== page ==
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Cardus Education Survey 2016: Educating to love your neighbour

 “Cardus Education exists to provide reliable, credible data for non-government types of education. 

Why? Because the opportunity for non-government schools to operate freely is not something that we can take for granted. And because, for those supporting non-government education and wanting to measure it, gut instinct is no longer good enough” (cardus.ca/research/education).

Since 2011, Cardus Education has surveyed graduates of Christian schools in the U.S. and Canada, seeking to explore the nature and impact of Christian education. Previous studies were published in the U.S. in 2011 and 2014, and in Canada in 2012 (as reported on then in Christian Courier). In October, Cardus Education released a 2016 Canadian update, the results of a survey of graduates from 968 public schools and 359 independent schools.

Contrary to too-common stereotypes and misperceptions, private education does not produce graduates that are sheltered and withdrawn from public life, or indifferent to the wellbeing and flourishing of those beyond school walls. The 2016 study shows that Canadian Christian private schools “meet or exceed all aims of public education across Canada,” producing graduates who are likely to:

Be valuable contributors to the economy and value further education and life-long learning

Be informed citizens who value democratic participation and civic engagement

Be confident, responsible, self-sufficient, honest, fair and ethical adults

Contribute to a peaceful, pluralistic and cohesive society

Live personally fulfilled and healthy lives (Cardus 2016 Backgrounder, p. 1-2).

Christian Courier connected with Beth Green, Cardus Education’s Program Director, who highlighted what she considered to be two key aspects of this ground-breaking research. First, each of the Cardus surveys has clearly demonstrated that graduates of private Christian schools in Canada and the U.S. are “not de facto socially isolated, politically radical and religiously fundamentalist.” Instead, the study powerfully communicates “the tremendous potential of Christian education to grow graduates who ‘love their neighbour’ and contribute to the flourishing of our common life together.”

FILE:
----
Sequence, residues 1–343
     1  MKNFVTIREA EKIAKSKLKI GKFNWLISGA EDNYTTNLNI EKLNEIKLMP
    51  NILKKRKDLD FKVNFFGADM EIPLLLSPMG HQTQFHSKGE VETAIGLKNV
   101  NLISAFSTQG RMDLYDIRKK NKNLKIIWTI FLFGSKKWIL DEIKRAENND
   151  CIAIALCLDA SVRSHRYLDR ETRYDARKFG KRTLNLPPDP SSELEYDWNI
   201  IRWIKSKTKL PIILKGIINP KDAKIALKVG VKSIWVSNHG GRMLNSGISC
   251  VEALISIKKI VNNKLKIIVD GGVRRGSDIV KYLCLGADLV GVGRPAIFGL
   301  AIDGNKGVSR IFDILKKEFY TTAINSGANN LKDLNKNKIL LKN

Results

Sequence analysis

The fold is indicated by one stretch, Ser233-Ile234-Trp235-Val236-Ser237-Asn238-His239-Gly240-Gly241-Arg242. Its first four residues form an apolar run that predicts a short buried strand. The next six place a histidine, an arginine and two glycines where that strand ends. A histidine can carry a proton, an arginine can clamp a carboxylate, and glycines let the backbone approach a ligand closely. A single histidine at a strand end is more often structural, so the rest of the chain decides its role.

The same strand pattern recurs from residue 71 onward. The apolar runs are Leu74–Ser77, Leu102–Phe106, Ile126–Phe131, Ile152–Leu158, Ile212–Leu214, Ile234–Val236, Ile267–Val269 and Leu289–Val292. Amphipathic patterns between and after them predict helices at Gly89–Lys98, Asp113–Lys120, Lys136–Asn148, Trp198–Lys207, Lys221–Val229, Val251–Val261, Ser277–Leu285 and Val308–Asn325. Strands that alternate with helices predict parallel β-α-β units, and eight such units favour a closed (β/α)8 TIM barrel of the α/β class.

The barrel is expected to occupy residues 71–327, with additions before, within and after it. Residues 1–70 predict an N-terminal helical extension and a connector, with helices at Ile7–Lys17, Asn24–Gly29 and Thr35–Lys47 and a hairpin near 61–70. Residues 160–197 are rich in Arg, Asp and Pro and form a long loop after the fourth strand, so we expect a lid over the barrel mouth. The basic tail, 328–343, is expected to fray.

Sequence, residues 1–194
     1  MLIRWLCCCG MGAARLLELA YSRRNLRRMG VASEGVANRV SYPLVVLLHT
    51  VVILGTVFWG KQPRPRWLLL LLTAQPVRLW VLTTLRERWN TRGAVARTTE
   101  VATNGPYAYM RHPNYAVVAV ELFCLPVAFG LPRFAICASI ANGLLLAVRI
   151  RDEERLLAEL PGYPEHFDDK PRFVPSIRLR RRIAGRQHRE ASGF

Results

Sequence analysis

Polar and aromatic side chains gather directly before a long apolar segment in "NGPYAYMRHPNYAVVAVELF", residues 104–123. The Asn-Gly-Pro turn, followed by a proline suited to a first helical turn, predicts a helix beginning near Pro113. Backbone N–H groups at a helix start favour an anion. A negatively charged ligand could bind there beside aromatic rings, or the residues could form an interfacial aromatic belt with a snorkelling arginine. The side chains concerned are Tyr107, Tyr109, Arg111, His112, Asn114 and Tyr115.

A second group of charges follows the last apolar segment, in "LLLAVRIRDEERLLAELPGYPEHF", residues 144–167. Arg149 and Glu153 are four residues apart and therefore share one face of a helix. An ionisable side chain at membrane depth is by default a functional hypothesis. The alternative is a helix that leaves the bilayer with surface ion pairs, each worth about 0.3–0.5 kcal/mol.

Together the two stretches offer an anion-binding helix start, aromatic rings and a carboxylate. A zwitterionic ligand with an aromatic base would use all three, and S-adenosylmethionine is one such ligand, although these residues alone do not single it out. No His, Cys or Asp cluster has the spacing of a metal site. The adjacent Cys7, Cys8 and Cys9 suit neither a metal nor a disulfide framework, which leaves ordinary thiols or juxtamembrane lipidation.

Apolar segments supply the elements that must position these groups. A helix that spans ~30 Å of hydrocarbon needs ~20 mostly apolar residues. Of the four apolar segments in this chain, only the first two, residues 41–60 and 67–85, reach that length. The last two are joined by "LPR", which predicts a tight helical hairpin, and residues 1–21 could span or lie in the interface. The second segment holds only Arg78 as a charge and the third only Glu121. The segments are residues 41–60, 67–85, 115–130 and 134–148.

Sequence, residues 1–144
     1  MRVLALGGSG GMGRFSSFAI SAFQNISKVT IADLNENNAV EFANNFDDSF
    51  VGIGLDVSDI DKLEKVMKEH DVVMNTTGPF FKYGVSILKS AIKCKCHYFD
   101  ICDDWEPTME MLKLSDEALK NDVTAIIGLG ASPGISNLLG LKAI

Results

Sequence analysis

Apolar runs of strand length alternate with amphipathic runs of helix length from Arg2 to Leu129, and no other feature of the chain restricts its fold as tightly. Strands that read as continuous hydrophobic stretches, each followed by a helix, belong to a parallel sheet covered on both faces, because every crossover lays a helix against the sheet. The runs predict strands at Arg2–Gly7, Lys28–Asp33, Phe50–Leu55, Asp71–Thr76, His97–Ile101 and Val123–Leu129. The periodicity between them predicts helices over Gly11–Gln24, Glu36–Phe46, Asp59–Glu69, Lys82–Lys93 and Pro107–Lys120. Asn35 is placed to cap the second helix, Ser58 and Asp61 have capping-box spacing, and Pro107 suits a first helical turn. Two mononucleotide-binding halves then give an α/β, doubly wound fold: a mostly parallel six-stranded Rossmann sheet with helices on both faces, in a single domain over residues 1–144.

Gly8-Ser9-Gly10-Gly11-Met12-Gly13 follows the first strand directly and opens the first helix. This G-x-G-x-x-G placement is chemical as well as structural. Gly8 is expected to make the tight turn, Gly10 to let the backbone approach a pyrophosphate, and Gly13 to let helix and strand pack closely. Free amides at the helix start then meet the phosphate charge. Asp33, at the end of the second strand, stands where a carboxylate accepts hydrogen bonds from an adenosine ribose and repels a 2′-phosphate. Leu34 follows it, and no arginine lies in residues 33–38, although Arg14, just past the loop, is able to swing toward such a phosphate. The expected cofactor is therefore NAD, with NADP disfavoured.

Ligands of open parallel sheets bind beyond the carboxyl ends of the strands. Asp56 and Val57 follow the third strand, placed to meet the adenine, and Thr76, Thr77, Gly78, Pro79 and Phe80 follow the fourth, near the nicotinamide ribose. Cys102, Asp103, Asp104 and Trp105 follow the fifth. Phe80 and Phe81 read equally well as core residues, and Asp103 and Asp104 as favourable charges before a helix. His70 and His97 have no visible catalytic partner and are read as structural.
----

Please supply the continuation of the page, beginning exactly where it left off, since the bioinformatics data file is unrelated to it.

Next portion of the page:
The result of this research is important for the ongoing public debate concerning the nature and role of independent schools. The rhetoric and vitriol that can often accompany such discussions too easily dismisses the valuable contribution private Christian schools make to society. But research now shows that graduates from these schools are far more likely to contribute to the public good than to obstruct it. This seemingly obvious insight is often overlooked from the outside looking in (and, somewhat paradoxically, occasionally from the inside looking out).   

Good news for Christian Ed
There is no perfect school. Graduates of Christian education sometimes lament that their schooling experiences did not adequately prepare them for the “real world.” Cardus Education’s research suggests, however, that private Christian schools graduate individuals who are well-prepared to contribute to society in a number of very important ways, and that these schools do as well or better in equipping their graduates than other schools, including the public school system. Having spent a number of years working and teaching in Ontario, I am encouraged by the survey results. They match my own experiences. I have been disappointed to hear of the misperceptions that others often have of private Christian schools because it allows them to overlook the amazing students I have worked with. Many of the students I have taught are people of character and integrity who will do far more than “contribute to the public good.” For others to perceive them as sheltered, ignorant and myopic is painful to hear, given the reality I have experienced. In this context, I am encouraged (but not surprised) by the results of Cardus Education’s research. 

Those involved in Christian education can celebrate the good news. Those considering Christian education should explore the study for themselves, because it provides important insights that should inform schooling decisions. And supporters of Christian education can raise our voices with confidence, citing the results of Cardus Education’s research. Those who support Christian schools should be spreading this news. There are those who need to hear it.

The full report is available at cardus.ca.


  • Sean is Assistant Professor of Education at Redeemer and former News Editor for Christian Courier. Sean’s research focuses on the communication of educational care. He appreciates CC’s cultural relevance, Biblical distinctiveness and willingness to address the complexity of living with hope and courage in a broken world.

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